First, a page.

Chief constables from across the UK have issued a joint statement saying they “stand alongside all those across the globe who are appalled and horrified” after a black man died after being restrained by US police.
George Floyd died after a white officer held him down by pressing a knee into his neck in Minneapolis on May 25, sparking days of protest.
In a statement, the chief constables, the chair of the National Police Chiefs’ Council, the chief executive of the College of Policing and the president of the Police Superintendents’ Association said: “We stand alongside all those across the globe who are appalled and horrified by the way George Floyd lost his life. Justice and accountability should follow.”
They have also urged people who want to make their voices heard to be aware that “coronavirus remains a deadly disease and there are still restrictions in place to prevent its spread, which include not gathering outside in groups of more than six people”.
It comes as a number of police officers were on duty at London’s Hyde Park as protesters began to gather for another demonstration in the capital.
Ahead of the protest, both standard officers and liaison officers were seen speaking to protesters, with additional officers on horseback.
Protest organisers reminded attendees to social distance and were seen handing out gloves.
A spokesman for Sir Keir Starmer said the Labour leader supported the “solidarity” being shown by UK demonstrators but urged them to uphold the rules on staying two metres apart.
“We support the right to protest, of course we do,” said Sir Keir’s spokesman.
“But of course we would also say that we need to do it in a way which follows the Government’s guidance on social distancing.”
In their statement, the police leaders continued: “We are also appalled to see the violence and damage that has happened in so many US cities since then. Our hearts go out to all those affected by these terrible events and hope that peace and order will soon be restored.”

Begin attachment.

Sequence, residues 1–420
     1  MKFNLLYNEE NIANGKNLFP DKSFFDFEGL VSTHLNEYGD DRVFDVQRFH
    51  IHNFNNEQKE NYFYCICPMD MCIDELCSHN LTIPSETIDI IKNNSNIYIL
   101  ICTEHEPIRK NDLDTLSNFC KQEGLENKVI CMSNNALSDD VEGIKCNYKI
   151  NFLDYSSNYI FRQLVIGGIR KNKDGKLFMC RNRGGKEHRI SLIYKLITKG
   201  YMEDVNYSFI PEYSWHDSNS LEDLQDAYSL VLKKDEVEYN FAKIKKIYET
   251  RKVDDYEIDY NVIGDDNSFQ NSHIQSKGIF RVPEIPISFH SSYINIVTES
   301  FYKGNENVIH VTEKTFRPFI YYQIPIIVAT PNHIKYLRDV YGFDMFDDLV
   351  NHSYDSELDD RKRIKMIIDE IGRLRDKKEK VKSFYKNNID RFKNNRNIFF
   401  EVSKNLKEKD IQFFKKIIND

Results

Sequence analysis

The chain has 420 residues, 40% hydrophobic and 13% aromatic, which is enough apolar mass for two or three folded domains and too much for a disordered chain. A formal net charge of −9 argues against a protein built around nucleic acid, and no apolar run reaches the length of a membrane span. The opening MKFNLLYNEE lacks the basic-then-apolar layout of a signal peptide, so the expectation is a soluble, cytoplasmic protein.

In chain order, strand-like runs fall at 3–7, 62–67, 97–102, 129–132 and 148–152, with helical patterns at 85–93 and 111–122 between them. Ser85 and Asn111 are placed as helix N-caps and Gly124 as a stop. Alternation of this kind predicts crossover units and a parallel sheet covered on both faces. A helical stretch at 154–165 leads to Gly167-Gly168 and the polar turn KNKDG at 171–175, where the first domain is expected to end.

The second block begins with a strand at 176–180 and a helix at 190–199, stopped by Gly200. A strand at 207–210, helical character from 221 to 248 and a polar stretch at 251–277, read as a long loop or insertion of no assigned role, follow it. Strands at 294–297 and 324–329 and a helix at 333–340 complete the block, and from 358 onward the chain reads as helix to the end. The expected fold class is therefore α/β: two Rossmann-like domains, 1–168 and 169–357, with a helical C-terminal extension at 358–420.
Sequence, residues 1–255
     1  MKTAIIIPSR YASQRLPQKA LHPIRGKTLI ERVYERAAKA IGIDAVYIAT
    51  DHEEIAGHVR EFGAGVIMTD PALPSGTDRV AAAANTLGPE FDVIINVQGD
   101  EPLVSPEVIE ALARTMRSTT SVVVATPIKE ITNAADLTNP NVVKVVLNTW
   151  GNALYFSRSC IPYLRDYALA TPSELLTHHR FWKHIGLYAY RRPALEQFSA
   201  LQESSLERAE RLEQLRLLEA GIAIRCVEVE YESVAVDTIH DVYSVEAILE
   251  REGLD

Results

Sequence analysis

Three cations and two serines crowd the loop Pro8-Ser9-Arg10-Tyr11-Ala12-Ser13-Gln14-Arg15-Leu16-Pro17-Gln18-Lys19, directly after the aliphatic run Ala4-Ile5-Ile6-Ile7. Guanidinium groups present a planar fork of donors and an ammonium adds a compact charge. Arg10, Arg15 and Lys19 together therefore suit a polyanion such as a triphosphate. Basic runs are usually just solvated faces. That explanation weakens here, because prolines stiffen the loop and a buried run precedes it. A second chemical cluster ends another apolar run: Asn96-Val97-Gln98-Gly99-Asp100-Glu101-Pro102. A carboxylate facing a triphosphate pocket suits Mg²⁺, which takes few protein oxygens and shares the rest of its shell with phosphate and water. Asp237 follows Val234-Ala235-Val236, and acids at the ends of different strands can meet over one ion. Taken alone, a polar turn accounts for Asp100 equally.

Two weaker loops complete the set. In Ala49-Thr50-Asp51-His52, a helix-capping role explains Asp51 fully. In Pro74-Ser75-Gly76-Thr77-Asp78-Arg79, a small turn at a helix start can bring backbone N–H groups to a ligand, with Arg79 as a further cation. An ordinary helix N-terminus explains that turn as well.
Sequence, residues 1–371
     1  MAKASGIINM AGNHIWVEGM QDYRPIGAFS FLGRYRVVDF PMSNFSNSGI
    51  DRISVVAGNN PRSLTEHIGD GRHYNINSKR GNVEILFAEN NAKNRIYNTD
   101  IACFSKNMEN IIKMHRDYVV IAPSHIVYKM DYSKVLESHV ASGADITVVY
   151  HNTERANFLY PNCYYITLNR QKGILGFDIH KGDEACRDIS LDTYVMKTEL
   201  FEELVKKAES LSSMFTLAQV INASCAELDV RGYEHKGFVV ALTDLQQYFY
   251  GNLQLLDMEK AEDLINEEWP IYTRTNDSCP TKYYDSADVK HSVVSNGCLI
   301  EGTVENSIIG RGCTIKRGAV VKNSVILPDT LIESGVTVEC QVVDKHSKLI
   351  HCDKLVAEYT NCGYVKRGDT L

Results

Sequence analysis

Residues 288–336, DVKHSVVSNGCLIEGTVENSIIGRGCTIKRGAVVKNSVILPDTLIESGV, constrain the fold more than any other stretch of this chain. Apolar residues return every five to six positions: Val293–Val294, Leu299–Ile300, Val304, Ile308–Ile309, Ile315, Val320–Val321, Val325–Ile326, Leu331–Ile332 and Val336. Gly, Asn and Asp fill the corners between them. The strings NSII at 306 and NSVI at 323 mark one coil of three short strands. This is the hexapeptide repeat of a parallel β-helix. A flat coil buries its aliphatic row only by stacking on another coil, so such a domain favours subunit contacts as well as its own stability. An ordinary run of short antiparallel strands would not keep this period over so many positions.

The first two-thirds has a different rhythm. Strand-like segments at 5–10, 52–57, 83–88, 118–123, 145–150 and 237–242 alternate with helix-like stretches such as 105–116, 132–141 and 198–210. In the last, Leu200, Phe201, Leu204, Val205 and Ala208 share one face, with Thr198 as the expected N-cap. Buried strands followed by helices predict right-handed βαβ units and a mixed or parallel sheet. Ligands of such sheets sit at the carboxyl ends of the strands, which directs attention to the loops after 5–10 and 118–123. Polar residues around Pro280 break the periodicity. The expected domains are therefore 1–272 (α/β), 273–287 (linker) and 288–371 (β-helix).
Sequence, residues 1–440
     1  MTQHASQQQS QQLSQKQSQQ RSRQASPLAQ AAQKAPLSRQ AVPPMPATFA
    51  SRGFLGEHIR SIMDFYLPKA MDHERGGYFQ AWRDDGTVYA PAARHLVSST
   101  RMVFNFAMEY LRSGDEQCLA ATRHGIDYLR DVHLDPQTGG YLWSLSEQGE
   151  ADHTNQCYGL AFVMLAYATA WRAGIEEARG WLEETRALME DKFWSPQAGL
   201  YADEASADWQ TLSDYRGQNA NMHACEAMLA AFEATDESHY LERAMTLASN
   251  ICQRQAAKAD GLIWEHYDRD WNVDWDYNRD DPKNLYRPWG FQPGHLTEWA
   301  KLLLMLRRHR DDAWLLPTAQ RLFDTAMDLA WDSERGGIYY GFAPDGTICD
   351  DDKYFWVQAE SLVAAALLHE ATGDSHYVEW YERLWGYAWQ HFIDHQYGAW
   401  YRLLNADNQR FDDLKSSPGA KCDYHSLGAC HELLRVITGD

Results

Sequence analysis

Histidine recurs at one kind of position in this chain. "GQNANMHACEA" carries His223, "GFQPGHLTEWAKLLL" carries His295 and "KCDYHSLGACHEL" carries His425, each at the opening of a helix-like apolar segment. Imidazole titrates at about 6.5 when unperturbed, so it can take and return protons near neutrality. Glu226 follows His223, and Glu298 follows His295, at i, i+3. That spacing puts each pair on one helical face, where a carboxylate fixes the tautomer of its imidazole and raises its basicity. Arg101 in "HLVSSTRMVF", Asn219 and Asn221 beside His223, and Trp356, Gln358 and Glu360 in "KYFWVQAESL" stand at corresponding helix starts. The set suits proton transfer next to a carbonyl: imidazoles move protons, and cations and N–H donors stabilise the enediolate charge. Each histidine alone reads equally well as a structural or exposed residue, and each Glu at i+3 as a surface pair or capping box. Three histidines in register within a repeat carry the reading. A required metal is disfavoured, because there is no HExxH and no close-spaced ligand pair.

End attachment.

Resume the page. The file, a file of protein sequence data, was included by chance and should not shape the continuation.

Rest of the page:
In the US, Tuesday marked the eighth night of the protests, which began in Minneapolis where Mr Floyd died, and quickly spread across the US.
Demonstrations have taken place in New York, Los Angeles, Miami, Columbia, South Carolina and Houston.
Some protests have included widely reported clashes between police and protesters, including the use of tear gas and rubber bullets.
Protesters have also defied curfews and President Donald Trump has pressed governors to put down violence sparked by Mr Floyd’s death.
In the UK, demonstrators previously protested outside the US Embassy in south London as well as in Trafalgar Square following Mr Floyd’s death.
The police joint statement went on to highlight the tradition of policing by consent and said officers are trained to use force “proportionately, lawfully and only when absolutely necessary”.
The statement continued: “We strive to continuously learn and improve. We will tackle bias, racism or discrimination wherever we find it.
“Policing is complex and challenging and sometimes we fall short. When we do, we are not afraid to shine a light on injustices or to be held to account.
“The relationship between the police and the public in the UK is strong but there is always more to do. Every day, up and down the country, officers and staff are working to strengthen those relationships and address concerns. Only by working closely with our communities do we build trust and help keep people safe.”